Posted by: Bill von Achen | September 23, 2011

Seven Questions to Ask About Your Business Model

This past June, I attended the 15th International Conference on Thinking in Belfast, Northern Ireland. While there, I presented my ongoing research into the thinking processes of groups, based on more than 15 years of experience facilitating CEO peer groups. But I also benefited immeasurably from the ideas and concepts on a wide range of subjects I learned from dozens of other presenters.

One of the most insightful and thought provoking presentations I attended was the one given by Alex Osterwalder, a leading thinker and commentator about innovative business models, and the co-author of the best-selling book, Business Model Generation.  In his presentation, Osterwalder dissected the key elements of a successful business model, which he’s captured in his Business Model Canvas, a one-page sheet that allows business owners to “describe, design, challenge, invent and pivot your business model.” (A free copy of the Business Model Canvas can be downloaded at www.businessmodelgeneration.com.)

There’s no substitute for reading Osterwalder’s book and applying the filter of his Business Model Canvas to your business model. But, in a recent blog posting, Osterwalder posed the following seven questions that may help you to get to the heart of what’s working, and what’s not working, about your approach to business:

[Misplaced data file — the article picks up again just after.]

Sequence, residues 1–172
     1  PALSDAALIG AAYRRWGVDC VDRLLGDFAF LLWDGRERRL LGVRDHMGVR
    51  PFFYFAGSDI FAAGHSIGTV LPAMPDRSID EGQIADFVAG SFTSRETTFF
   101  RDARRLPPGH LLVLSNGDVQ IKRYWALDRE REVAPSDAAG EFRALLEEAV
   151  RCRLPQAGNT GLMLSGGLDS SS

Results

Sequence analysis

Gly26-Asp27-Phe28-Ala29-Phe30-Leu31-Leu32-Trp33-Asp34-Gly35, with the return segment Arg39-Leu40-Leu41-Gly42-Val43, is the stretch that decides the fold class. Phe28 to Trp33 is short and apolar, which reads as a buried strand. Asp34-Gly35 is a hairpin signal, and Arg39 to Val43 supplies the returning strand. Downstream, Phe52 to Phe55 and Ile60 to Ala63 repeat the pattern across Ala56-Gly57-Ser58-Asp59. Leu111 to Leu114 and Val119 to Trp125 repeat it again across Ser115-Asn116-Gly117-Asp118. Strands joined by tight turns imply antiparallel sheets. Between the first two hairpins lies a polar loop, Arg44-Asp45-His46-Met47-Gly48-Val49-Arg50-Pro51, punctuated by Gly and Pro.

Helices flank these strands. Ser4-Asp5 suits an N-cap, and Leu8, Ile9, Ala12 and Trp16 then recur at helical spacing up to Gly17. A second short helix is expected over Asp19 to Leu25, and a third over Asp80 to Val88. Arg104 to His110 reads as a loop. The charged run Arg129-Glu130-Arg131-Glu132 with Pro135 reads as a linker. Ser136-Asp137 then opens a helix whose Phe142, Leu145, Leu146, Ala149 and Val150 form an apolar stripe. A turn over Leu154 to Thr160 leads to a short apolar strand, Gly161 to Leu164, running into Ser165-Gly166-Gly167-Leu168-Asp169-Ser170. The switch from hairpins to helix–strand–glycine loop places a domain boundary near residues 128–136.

1.  Does your “switching cost” prevent your customers from churning?  The more costly it is for a customer to switch away from your services to those of a competitor, the less likely it is that they’ll switch. And remember that “cost” can mean time or energy, not just money.

2.  How scalable is your business model? Scalability allows you to expand your business without increasing your cost base (such as web-based business models). But even traditional businesses should think about scalability when it comes to new products and services.

3.  Does your business model produce recurring revenues? Think King Gillette, and the razor/razor blade model, or printers and ink cartridges. You incur the sales cost only once, and continue to reap the benefits from the initial sale with minimal additional investment.  

4.  Does your business model enable you to earn money before you spend it?  It’s always better to earn before you spend. Osterwalder points to Dell Computer’s early modeling of this approach, building computers only after an order is placed.

5.  How much of your business model leverages the work of others?  Here, the model is IKEA, which sells you furniture parts that you take home and assemble, or online networking sites, where information posted by participants actually builds value for the company.